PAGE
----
We are currently almost halfway towards the goal of $10,000 for the schoolhouse in Esinoni, Kenya, thanks to some surprise donors and the dedication of young learners throughout Eastern Ontario. Thank you all for being apart of the change in these kids lives. To read more about the history of the work being done by Free the Children in Kenya CLICK HERE.
To donate to the construction of the new schoolhouse in Esinoni, Kenya CLICK HERE. I always write a personal thank you to everyone. 🙂
Before I left the Maasai Mara area I had weapons training with a traditional bow and arrow as well as rungu throwing practice. (See info on Rungus HERE) Discovering I would would be riding through some National Parks in Tanzania my Maasai friend and guide Jonathon, gave me my own rungu to defend myself. An honorary and memorable gift that I still carry with me. Thankfully I haven’t needed to fend off any attacking lions yet.
There was a van heading back to Nairobi after my stay in Bogani and I was offered a lift. Having already rode the road towards Narok, I saw no need to do it again back the same way. A very nice gesture and saved me two days of riding. After arriving in Nairobi I took the rest of the day off and reflected on my wonderful experiences with Free the Children and Me to We. Over the next two days those great memories and carried me through all the way to the Tanzanian border town of Namanga. After a few months of hard riding through tough countries it was exactly what I needed. I truly loved Kenya. It was one of my favorite places to travel through for many reasons. My resolve and mind were rejuvenated. I was ready to continue my journey, while bracing myself for whatever lay ahead. Tanzania and Kilimanjaro within stride.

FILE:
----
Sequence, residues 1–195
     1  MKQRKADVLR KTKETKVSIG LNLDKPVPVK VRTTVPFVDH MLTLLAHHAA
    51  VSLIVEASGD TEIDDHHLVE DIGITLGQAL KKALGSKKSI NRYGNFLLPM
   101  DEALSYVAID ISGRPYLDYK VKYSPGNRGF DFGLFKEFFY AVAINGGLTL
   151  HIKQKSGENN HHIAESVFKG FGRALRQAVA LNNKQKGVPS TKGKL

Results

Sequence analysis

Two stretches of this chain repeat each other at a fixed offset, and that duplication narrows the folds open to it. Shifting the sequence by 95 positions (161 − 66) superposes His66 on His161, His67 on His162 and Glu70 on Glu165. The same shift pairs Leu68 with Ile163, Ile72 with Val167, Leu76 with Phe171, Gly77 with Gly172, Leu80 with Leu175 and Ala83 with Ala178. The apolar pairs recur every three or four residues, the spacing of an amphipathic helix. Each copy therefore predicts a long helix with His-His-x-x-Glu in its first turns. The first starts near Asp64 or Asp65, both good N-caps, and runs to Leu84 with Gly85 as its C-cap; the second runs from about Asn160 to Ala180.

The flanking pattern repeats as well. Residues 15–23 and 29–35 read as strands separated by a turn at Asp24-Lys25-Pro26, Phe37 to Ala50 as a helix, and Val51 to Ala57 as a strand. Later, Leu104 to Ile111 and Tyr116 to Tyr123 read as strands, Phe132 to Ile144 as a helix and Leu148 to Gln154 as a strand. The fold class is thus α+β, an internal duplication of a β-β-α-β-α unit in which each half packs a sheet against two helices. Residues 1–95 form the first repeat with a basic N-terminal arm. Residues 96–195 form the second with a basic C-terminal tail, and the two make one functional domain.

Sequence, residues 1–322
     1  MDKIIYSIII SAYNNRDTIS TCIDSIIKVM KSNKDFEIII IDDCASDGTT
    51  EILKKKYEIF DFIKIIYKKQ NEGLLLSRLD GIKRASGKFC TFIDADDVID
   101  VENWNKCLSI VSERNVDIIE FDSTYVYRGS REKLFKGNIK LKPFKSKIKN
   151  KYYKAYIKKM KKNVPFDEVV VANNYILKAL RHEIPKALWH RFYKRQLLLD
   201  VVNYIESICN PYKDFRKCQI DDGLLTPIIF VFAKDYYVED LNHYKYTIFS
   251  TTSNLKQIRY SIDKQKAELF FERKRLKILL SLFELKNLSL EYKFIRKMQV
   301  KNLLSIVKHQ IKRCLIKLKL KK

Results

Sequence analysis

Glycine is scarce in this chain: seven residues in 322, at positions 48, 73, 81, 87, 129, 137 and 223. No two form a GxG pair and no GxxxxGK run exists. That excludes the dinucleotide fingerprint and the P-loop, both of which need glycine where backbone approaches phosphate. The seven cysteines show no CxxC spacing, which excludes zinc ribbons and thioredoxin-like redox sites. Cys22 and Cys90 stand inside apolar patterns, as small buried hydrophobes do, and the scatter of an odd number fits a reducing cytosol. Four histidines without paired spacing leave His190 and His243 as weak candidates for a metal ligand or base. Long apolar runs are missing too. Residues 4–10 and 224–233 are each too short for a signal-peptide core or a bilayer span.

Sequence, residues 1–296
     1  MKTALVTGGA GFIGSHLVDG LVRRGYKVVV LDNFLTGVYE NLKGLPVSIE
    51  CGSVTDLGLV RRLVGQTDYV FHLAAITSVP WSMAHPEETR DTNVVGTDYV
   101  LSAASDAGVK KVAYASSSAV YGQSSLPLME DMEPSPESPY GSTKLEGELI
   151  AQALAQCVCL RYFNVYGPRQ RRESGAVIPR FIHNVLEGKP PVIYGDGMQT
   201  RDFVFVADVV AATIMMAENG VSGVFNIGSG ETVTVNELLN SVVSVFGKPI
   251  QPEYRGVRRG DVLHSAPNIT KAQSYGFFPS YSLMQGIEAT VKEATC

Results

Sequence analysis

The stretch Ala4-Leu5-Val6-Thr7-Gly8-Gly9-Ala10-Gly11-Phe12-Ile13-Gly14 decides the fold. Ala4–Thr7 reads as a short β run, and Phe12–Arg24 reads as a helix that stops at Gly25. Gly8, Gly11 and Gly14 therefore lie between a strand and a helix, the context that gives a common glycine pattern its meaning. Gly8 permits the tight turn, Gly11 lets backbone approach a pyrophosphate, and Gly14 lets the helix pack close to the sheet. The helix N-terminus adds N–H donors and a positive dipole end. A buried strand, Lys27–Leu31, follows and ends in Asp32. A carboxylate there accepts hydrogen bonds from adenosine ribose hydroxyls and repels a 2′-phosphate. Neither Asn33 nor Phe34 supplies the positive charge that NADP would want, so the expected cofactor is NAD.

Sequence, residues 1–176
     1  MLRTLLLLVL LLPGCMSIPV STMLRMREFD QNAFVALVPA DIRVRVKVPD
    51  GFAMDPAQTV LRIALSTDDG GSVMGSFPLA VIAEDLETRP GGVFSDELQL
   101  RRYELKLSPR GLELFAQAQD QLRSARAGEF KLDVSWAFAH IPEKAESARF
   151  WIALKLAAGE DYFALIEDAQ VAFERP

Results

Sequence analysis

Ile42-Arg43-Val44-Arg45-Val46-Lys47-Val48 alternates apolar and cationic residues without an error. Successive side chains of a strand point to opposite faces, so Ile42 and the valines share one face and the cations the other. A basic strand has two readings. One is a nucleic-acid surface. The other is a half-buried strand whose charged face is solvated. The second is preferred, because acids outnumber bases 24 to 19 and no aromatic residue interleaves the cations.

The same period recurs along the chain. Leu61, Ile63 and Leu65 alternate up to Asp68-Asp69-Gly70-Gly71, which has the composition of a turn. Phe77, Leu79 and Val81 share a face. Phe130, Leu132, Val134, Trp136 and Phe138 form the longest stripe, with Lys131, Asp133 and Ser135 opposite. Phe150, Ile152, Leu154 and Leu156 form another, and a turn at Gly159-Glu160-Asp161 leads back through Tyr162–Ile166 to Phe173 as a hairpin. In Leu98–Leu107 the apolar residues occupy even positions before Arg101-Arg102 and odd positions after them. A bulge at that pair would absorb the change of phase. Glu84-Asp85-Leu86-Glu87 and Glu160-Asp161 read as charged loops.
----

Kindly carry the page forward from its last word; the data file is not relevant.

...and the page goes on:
**At the moment I am in Malawi on route to Mozambique. Posts will continue to be slow to come due to internet connections and my interest in living in the moment. Africa has been nothing short of inspiring and challenging. Thank you for continuing to share in my adventures.
Posted on August 5, 2015, in Adventure, Around the World, Charity, Cycling, Free the Children, Inspiration, Kenya, Motivation, Tanzania, Thoughts, Travel and tagged Adventure, Africa, Amazing, Around the World, Beautiful, Bicycle, Cairo to Cape, Challenge, change, Charity, Cycle Touring, Cycling, Donation, Dreams, Explore, Facebook, fear, Free the Children, Freedom, Fundraising, Goals, History, Inspiration, Instagram, Kenya, Kindness, Man, motivation, Oneadventureplease, Our World, People, Rungu, Tanzania, The Road, Thoughts, Travel, Travel Photos, Twitter, values. Bookmark the permalink. 7 Comments.